performed when there was a drought or lack of water and the ritual would be
performed to the “Rain God” so that rain would be produced. (Alchin, n.d.)

            I
did try to learn more about this part of my personal culture. I tried to become
part of the local tribe that has a nearby settlement but was instructed that I
did not belong because I was considered too much not of the Native American
culture but more of the Caucasian culture. I did get to watch some of the
traditional rituals and how moccasins were made at shows that this local tribe
puts on for the public. Although, I did not seem to fit into this culture
according to the Chief, I do seem to be gravitated to understanding and wanting
more to live in this culture. I do not believe their religious beliefs but do
consider myself a non-denominational Christian. I would not be allowed to be a
member of the tribe with those beliefs due to that the tribe is expected to
live in tradition that has been generationally lived by.

Perspectives

            I
had to think long and hard about whether I could identify any perspectives that
I had that were rooted in ethnocentric beliefs. I, at first, was going to state
that I did not believe that I had any perspectives rooted in ethnocentric
beliefs that the American culture was better than another culture. I found that
there are ethnocentric beliefs that I have when watching the news and seeing
the fighting and war going on in Libya and other Eastern nations. One
perspective that I have that can be considered ethnocentric is the belief that
there is not one gender that should be considered higher than the other like in
Islamic beliefs that the community helps raise a child to fit into society
(PBS, 2003). I found that even the American cultural norm of being free to
practice any religion is not true in many of these countries and that was is traditional
Christianity widely differs from the beliefs of Muslims and the Islamic.

            Another
perspective that I found to ethnocentric is the belief that American cultural
norm of focusing on the individual is better that way to live than community-based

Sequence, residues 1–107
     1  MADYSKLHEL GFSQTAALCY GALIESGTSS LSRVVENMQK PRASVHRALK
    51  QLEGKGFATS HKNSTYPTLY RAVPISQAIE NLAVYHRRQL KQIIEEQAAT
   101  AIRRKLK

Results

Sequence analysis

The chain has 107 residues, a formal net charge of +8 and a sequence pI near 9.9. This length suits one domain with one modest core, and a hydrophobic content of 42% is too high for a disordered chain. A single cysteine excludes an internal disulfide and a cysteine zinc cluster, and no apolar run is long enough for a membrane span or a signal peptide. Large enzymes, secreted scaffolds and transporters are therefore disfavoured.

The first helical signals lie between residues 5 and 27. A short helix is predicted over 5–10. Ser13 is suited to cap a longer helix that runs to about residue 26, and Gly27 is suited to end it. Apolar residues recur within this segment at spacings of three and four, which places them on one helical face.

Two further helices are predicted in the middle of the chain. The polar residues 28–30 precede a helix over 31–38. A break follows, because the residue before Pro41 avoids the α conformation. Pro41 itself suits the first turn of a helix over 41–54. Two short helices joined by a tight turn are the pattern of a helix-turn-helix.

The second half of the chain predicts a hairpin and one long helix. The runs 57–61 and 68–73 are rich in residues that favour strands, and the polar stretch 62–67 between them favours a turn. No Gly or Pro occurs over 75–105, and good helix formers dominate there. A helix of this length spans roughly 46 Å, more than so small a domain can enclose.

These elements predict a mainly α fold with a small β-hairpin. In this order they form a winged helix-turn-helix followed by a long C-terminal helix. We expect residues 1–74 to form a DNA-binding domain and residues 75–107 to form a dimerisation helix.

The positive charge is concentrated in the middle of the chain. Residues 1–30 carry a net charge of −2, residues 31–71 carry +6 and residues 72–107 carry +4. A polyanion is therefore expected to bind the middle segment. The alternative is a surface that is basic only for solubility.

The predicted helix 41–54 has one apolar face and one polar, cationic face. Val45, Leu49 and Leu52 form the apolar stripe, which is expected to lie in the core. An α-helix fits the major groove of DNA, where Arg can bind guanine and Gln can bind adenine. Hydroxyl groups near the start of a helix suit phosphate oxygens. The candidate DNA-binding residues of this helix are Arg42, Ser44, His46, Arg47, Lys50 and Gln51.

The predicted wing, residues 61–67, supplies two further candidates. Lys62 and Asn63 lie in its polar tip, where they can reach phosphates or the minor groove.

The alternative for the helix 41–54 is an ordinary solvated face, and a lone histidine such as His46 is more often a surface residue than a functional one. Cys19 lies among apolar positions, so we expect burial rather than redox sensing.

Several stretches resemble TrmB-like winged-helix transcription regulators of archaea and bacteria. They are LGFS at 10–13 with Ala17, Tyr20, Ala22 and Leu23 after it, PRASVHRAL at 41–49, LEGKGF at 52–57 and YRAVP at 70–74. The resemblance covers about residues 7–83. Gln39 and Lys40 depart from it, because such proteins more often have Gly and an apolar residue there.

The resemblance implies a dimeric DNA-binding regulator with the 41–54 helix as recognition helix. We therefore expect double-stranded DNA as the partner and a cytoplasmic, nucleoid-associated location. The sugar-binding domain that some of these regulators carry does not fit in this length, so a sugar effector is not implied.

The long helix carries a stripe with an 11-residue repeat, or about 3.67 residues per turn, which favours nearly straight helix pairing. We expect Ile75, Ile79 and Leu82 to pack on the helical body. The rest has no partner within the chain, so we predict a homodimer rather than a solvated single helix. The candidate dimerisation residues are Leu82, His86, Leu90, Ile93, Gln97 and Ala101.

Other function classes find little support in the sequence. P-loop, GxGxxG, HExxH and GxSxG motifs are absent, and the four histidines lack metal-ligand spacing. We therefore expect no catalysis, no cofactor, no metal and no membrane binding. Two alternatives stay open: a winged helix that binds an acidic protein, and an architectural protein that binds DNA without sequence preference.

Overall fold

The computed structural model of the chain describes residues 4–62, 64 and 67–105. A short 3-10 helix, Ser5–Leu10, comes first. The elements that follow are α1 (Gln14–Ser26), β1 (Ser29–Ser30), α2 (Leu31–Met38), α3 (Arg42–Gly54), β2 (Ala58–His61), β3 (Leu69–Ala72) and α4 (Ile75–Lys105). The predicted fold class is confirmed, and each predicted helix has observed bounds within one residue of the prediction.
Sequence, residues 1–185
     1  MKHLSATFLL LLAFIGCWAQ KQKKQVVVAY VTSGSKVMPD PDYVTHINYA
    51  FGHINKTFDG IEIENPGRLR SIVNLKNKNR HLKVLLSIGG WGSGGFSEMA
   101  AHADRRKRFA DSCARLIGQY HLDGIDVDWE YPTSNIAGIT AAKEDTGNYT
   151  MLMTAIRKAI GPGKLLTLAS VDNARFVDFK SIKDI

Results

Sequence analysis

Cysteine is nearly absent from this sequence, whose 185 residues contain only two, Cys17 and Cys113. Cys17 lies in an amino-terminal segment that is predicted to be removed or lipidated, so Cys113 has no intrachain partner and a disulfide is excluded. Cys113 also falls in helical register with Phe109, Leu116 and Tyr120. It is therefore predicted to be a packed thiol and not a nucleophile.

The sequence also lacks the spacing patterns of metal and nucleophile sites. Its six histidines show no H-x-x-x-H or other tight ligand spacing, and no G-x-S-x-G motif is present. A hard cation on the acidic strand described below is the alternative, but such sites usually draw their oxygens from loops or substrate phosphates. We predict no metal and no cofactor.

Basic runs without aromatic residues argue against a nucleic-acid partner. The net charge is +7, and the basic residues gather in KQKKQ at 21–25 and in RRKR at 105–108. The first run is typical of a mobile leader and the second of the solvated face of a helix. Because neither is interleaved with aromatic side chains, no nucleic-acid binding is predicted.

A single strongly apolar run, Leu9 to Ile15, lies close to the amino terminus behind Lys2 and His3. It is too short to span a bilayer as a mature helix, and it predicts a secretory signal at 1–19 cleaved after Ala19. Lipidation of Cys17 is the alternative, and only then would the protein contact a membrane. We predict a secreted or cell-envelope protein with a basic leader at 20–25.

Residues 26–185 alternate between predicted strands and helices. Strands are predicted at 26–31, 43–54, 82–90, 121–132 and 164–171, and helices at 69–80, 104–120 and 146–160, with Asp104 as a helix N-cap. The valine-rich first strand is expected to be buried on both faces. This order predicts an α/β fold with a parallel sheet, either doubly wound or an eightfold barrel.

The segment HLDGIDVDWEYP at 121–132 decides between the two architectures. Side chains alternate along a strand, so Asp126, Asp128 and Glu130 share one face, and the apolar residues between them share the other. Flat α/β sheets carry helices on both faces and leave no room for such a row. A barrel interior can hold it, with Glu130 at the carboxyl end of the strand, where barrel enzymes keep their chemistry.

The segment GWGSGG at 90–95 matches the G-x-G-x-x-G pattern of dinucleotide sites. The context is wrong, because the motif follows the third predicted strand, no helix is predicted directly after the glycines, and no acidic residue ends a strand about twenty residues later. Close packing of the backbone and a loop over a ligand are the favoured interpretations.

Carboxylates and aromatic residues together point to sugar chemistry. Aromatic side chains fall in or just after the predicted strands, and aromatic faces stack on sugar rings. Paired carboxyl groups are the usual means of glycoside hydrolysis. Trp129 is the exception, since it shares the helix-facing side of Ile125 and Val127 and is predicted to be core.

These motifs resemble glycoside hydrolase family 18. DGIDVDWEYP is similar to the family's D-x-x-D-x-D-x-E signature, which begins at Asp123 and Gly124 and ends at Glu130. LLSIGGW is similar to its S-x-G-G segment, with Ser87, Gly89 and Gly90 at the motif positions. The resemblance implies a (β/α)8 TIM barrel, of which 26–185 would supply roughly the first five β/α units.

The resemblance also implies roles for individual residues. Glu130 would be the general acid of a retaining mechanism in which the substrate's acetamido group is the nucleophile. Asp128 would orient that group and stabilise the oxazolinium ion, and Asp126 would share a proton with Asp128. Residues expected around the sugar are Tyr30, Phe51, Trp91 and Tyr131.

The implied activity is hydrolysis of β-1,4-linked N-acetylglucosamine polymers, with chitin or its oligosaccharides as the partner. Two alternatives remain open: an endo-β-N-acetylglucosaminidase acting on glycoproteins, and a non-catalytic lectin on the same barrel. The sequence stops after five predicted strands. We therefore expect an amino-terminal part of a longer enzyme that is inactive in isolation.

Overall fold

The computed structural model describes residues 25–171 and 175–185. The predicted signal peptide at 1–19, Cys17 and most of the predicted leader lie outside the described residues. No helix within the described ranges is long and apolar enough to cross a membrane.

cultures. We, in the United States, believe that our openness to freedoms is a
better way to live that includes the individual rights that have been awarded
to us stated in our Constitution of the United States (National Constitution
Center, 2018). I, after, many years of formal education and learning about
psychology and how being worried about society and our communities needs to be
included in our social norms more often.

            My
perspective on cultural relativism is that everyone should investigate more
into different cultures, without any biases that our own cultures may present,
to include some social norms of different cultures into our own lives. I do not
think that one culture is superior than another in all aspects. I think that we
can take some portion of every culture to combine a culture that works for all
individuals and societies. I do not know if that idea is possible but believe
that one culture does not provide enough answers to how humans can interact and
live without tension over a topic.

Conclusion

“Cultural diversity refers to the aspect of our individualism that is influenced by social interactions and culture,”
according to Kahn (2015, Section 1:3). I think the best way to observe,
communicate and live in any culture is to know what culture, ethnocentrism, and
cultural relativism are defined as and how can we accept cultural diversity at
its’ fullest extent in our lives and in our own cultural beliefs. We can learn
from the world around us that every individual is different but, perhaps, different
does not mean wrong but focuses on generational living. We can learn from our cultural
ancestors and we can learn from the ancestors of other cultures.

 

 

 

 

 

 

 

 

 

 

 

References

Alchin, L. (n.d.). Mohawk
tribe: facts, clothes, food and history. Retrieved from
https://www.warpaths2peacepipes.com/indian-tribes/mohawk-tribe.htm

Culture. (2001). In A. S.
Reber & E. S. Reber (Eds.), The Penguin dictionary of
psychology (3rd ed., p. 170). London, Eng.: Penguin Books.

Kahn, A. (2015). The
ecology of diversity. San Diego, CA: Bridgepoint Education.

National Constitute Center.
(2018). Constitute application. Retrieved from
https://constitutioncenter.org/interactive-constitution

Neuliep, J. W.,
Hintz, S. M., & McCroskey, J. C. (2005). The influence
of ethnocentrism in organizational contexts: perceptions of interviewee and
managerial attractiveness, credibility, and effectiveness. Communication
Quarterly, 53(1), 41-56. doi:10.1080/01463370500055954

PBS. (2003). Basic facts about
Islam. Retrieved from
https://www.pbs.org/wgbh/pages/frontline/teach/terror/background/6.html

Scotland Channel. (2018).
Culture and traditions of Scotland. Retrieved from
http://www.scotland.com/culture/

Ulin, R. C. (2007).
Revisiting cultural relativism: Old prospects for a new cultural critique. Anthropological
Quarterly, 80(3), 803-820. doi:10.1353/anq.2007.0051